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Shack - ...The Corner Of Miles And Gil

  by Benjamin Howarth

published: 16 / 4 / 2006



Shack - ...The Corner Of Miles And Gil
Label: Select Label
Format: CD

intro

Irresistibly tuneful and gorgeous latest album from Shack, which merges the 60's roots sounds of their home city of Liverpool with a dose of San Francisco psychedelica


The elemental appeal of the Libertines wasn’t hard to understand. There was something novel about their search for a musical style that was abundantly English without needing to be jingoistic. But I was put off by precisely the quality I used to like in bands - that sense of importance and centrality, the fact that they were unaffected by anything else happening in music. (Also, I didn’t think the tunes were consistently good enough). Morrissey summed up his band’s appeal when he wrote about “the songs that saved your life”, and that is what the Libertines traded in too. But songs don’t save my life, and I don’t need them too. They just slip into it for three or four minutes at a time. Shack have made the sort of album I wish Pete Doherty would make. It has that indescribable Englishness about it that his songs do, is traditional but never nostalgic and irresistibly tuneful. The songs seem almost effortless, but each is richly textured and arranged with real cunning. Shack may just stumble upon these gorgeous tunes, but they know what to do with them. Shack have the press profile of the enigmatic, unappreciated nearly men who still make beautiful music. I’m not really sure if this is an accurate reflection, but it isn’t certainly isn’t fair. Their "comeback" album, ‘HMS Fable‘, was one of the best albums of the 90's - and I remember it being acclaimed as such when it was released in 1999. They just seem to be a band about whom people have short memories. But I won’t be forgetting ‘…The Corner of Miles and Gil’ in a hurry. Even better than the exceptional ‘HMS Fable’, this is a delight. Every single track will glide effortlessly into your head, and you’ll be humming them for months. They have the same kind of style as Teenage Fan club, but are a lot more delicate and don’t have the 70's influences (Cheap Trick, ELO, Big Star etc) that define the Fannies’ best work. Instead, Shack are rooted in 60's Liverpool - with a dose of San Francisco psychedelica as well (why not?) With the indie scene dominated by the quick fixes of MP3 blogging, I would have expected the word about this album to have spread swiftly. Alas, it hasn’t and Shack may be left with just their devoted followers. Don’t let that happen. This is a fantastic album. Shack have modestly made the best work of their career - and the best album released so far this year, too.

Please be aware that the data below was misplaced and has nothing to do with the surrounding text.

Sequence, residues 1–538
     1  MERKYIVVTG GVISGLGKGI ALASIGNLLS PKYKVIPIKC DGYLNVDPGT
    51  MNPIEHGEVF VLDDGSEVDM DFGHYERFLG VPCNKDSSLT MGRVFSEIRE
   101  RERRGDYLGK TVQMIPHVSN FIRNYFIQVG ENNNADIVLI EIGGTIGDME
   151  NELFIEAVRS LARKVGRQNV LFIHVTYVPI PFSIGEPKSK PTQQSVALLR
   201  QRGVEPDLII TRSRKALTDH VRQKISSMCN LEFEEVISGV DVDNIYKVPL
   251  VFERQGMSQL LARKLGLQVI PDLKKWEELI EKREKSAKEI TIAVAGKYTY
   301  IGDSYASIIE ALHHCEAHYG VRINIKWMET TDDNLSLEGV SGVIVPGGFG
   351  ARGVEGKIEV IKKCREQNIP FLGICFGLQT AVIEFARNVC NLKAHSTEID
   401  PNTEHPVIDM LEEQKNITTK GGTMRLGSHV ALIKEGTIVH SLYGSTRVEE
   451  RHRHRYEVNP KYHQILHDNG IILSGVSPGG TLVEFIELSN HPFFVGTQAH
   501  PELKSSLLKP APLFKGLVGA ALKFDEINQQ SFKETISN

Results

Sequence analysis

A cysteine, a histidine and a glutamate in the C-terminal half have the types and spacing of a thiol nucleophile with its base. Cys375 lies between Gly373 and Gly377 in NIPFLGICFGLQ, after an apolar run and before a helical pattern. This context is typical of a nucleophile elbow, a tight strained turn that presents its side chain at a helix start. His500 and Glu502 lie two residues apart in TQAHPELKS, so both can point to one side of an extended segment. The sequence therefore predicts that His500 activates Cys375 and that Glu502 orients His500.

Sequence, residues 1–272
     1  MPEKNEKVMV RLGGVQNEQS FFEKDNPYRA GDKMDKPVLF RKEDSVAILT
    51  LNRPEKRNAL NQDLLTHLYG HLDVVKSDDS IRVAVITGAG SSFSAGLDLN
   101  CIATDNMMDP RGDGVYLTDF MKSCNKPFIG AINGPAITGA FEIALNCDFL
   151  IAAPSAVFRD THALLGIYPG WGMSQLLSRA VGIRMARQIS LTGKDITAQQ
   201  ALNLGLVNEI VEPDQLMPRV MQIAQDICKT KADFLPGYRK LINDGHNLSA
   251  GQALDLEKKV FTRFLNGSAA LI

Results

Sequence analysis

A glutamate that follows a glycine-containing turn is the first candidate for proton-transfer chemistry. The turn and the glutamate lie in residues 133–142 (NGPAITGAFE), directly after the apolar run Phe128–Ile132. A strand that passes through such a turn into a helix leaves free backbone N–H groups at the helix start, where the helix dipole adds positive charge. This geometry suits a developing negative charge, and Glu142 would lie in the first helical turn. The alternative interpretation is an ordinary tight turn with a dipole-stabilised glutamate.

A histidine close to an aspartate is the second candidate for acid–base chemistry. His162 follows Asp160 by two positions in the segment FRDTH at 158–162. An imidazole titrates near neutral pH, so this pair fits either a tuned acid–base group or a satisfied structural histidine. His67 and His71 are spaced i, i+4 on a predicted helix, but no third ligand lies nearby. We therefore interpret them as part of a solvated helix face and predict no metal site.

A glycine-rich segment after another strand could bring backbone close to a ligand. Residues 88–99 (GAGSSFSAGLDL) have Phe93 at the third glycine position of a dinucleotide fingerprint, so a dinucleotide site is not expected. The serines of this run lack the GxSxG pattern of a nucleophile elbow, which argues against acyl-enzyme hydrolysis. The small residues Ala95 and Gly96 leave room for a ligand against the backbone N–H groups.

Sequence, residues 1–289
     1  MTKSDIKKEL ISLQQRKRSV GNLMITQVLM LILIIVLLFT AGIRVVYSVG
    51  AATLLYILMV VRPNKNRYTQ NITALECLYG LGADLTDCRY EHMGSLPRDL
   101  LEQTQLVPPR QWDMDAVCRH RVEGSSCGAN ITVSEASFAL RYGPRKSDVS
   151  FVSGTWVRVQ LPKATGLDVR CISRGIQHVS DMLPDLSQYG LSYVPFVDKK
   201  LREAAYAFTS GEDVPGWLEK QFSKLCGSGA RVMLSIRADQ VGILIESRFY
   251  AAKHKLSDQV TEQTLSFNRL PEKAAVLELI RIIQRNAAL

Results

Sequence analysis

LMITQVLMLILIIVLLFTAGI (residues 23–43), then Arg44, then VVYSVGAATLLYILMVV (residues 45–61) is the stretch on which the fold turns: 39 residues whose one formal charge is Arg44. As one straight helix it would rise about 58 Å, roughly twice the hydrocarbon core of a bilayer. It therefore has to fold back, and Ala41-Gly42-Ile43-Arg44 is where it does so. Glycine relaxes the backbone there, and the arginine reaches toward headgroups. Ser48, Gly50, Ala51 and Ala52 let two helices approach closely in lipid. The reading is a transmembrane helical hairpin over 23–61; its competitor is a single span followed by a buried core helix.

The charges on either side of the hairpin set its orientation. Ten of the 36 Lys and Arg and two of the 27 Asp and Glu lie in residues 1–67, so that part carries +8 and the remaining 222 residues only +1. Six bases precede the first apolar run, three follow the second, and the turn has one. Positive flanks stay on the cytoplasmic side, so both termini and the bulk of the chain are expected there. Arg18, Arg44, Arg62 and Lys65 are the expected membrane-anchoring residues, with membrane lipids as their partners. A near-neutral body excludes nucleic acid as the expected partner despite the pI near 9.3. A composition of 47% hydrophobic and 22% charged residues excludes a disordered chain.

Track Listing:-
1 Tie Me Down
2 Butterfly
3 Cup of Tea
4 Shelly Brown
5 Black & White
6 New Day
7 Miles Away
8 Finn, Sophie, Bobby & Lance
9 Moonshine
10 Funny Things
11 Find a Place
12 Closer



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interviews


Interview with Michael Head (2006)
Shack - Interview with Michael Head
Shack's new album ‘…the Corner of Miles of Gil’ has just been released on Noel Gallagher's Sour Mash label. Singer Michael Head chats to Ben Howarth about it and why, despite Shack's notorious bad lack, his enthusiam for making music remains undiminished


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